Now that the major debris has been cleared from last week’s storm, it’s time for homeowners to assess the condition of their trees.
Trees have an amazing ability to recover from storm damage, says LSU AgCenter urban forester Hallie Dozier.
Often what at first glance looks devastating may not be fatal to a tree.
The first assessment should be to determine if any major limbs are broken.
The larger the broken limb, the harder it becomes for a tree to recover. If a majority of the main branches are gone, the tree may have little chance of surviving and will most likely be unhealthy, even if it does survive.
Homeowners can prune their own small trees, but for larger trees, Dozier recommends calling an arborist licensed to do tree care in Louisiana. Be sure to ask to see certificates of insurance and a copy of the license.
“Make sure you check credentials,” she says. “And beware of ‘door knockers’ or ‘storm chasers.’ Most qualified arborists have enough work and don’t need to solicit door-to-door.”
When it comes to decision making, if at least 50 percent of the tree’s branches and leaves are still intact, it’s a good chance the tree may survive. A tree with less than half of its branches remaining may not be able to produce enough foliage to nourish the tree.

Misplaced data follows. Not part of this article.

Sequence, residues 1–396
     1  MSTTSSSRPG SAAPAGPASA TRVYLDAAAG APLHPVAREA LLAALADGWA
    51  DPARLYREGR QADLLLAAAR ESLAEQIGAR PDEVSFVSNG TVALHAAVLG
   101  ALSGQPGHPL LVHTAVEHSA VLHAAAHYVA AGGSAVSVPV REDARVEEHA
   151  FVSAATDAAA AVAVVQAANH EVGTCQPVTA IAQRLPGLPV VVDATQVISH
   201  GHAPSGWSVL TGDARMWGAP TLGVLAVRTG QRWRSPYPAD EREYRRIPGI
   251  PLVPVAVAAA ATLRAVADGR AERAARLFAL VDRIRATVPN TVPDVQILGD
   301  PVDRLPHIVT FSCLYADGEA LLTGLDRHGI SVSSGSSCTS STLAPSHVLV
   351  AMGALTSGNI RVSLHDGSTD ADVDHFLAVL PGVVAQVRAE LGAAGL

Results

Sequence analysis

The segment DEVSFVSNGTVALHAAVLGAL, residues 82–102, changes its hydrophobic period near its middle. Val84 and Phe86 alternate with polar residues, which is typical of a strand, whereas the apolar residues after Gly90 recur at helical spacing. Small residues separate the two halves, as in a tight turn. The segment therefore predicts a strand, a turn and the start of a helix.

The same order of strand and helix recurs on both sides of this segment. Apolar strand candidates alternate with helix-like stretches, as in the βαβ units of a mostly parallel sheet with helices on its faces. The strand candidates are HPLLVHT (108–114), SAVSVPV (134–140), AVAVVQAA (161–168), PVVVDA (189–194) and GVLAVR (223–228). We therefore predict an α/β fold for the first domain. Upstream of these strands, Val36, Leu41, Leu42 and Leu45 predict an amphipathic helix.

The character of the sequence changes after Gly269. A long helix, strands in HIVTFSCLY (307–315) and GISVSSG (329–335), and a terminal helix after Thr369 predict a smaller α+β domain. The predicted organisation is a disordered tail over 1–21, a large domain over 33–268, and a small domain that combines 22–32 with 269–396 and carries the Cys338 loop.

A mature shade tree can usually survive the loss of one or two major limbs.
Broken branches should be pruned to the branch collar.
Young trees can sustain quite a bit of damage and still recover quickly. If the central leader is intact and the tree still has a manageable structure, remove the broken branches and let the tree recover.
If a valuable tree is a borderline case and isn’t an immediate threat to cause damage, don’t make a hasty decision. It may be best to wait and see how the tree responds. Prune broken branches, give the tree time to recover and then make a final decision.
Although a tree may look unbalanced or naked with branches gone, you’ll be surprised at how fast it can heal and grow new foliage.
Don’t over prune to balance the crown. Be conservative, Dozier says.
You can always remove more limbs later, but you can’t put them back.
You can find more information on pruning trees on the LSU AgCenter’s website at lsuagcenter.com. Type “pruning trees” in the search box.
Got a gardening question? Write to GardenNews@agcenter.lsu.edu.